The U.S. government’s top cybersecurity official has told people that he expects the White House to fire him, three people familiar with the situation told POLITICO, as the Trump administration continues a purge of officials deemed disloyal to the president.
Chris Krebs, the director of the Department of Homeland Security’s Cybersecurity and Infrastructure Security Agency, is in the White House’s crosshairs in part because of a website he created to debunk election-related misinformation — much of which President Donald Trump and other Republican Party leaders have embraced as they seek to undermine the legitimacy of President-elect Joe Biden’s victory.
In another sign of trouble for CISA, which has for years avoided the chaos of the Trump administration, another top agency official submitted his resignation on Thursday. Bryan Ware, the leader of CISA’s Cybersecurity Division, confirmed his departure to POLITICO but did not identify a reason. However, a U.S. official familiar with the matter told Reuters that the White House requested his resignation.
Krebs, one of the few Trump administration officials with widespread bipartisan support and admiration, has been expecting to be fired since just after Election Day, according to three people familiar with his thinking.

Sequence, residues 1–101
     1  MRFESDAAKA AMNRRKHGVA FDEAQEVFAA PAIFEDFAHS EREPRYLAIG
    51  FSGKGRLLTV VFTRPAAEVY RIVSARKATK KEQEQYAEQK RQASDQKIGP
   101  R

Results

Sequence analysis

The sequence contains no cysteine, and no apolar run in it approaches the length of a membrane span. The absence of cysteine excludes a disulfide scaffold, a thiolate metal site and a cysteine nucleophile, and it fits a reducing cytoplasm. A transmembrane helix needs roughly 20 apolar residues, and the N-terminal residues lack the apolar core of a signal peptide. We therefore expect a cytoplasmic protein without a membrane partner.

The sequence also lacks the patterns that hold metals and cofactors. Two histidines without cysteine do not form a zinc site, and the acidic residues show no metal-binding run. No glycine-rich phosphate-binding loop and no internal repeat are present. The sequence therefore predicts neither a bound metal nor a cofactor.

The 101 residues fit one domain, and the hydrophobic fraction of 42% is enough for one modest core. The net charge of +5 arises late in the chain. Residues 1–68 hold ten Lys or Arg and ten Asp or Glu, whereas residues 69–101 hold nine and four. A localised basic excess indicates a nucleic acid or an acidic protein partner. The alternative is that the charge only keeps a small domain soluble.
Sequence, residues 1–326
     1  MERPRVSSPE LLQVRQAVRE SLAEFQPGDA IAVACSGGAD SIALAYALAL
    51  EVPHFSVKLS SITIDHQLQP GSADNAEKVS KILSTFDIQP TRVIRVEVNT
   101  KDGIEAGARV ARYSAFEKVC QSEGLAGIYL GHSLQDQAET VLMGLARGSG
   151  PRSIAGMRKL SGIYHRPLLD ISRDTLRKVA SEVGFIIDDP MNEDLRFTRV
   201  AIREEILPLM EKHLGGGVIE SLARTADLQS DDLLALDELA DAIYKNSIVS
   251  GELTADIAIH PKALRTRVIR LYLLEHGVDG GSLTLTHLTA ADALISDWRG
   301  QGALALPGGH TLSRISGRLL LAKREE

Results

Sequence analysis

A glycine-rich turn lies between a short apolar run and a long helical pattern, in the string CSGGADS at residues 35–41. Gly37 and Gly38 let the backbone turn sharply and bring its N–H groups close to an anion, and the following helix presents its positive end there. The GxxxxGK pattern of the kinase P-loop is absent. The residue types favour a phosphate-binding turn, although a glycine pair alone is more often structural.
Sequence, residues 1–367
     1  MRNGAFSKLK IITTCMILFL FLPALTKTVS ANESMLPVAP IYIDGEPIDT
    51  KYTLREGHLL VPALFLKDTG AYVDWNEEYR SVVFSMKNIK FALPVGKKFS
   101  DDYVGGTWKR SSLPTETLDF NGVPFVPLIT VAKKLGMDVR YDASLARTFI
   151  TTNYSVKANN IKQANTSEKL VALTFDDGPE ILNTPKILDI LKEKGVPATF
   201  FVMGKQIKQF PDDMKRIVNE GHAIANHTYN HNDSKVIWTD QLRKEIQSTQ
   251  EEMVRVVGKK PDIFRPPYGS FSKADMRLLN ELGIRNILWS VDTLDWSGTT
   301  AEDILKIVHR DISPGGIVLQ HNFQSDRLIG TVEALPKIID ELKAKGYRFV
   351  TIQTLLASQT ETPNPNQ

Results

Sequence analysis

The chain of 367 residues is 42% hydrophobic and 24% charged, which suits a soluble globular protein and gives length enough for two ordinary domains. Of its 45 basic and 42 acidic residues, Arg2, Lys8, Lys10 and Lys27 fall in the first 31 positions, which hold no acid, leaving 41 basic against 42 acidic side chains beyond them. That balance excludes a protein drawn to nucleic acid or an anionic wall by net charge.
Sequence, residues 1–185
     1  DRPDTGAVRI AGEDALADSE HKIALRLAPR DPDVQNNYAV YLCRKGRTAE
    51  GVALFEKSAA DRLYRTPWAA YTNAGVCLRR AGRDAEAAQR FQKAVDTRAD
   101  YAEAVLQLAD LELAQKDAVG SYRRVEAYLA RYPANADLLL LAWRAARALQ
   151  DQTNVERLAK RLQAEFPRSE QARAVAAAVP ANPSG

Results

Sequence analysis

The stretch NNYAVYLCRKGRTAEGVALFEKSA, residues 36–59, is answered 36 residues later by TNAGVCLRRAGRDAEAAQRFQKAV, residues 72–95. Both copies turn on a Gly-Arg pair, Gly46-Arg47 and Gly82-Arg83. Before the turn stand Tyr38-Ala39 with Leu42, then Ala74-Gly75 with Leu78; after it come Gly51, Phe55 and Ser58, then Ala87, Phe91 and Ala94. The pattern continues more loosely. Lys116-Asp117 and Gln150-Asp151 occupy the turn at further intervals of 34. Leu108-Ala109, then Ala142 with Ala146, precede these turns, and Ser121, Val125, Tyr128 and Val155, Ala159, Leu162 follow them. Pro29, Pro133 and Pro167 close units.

His agency has been at the forefront of federal efforts to protect U.S. elections from foreign hacking and interference, and his efforts have drawn praise from people in both parties. But Krebs has told people that he believes the White House is unhappy with his efforts to combat disinformation about voter fraud — claims that have primarily been coming from Trump and his allies. And that could make him the latest national security leader to lose his job amid a post-election purge that has already forced out Defense Secretary Mark Esper and other top Pentagon officials.
The White House and CISA did not immediately respond to requests for comment. Reuters first reported that Krebs has told associates he expects to be forced out.
Speculation about Krebs’ fate has heightened among people in tech and national security circles since a POLITICO story on Tuesday reported on his and CISA’s efforts to debunk the baseless voter-fraud allegations. Those include CISA’s Rumor Control website, which has knocked down rumors such an alleged flurry of votes by dead people, while Krebs has used his personal Twitter feed to dismiss allegations of vote-altering computers as "nonsense" and a "hoax."
A former senior U.S. official said that "several folks in the government" expected the POLITICO story to result in Krebs’ firing.
The Rumor Control page has not been the only point of friction between Krebs and the White House, according to a current U.S. official.
The White House’s personnel office "has wanted to fire Krebs for a while," said the official, who requested anonymity to discuss internal deliberations. "From what I’ve heard from the [White House], they’ve considered removing him before."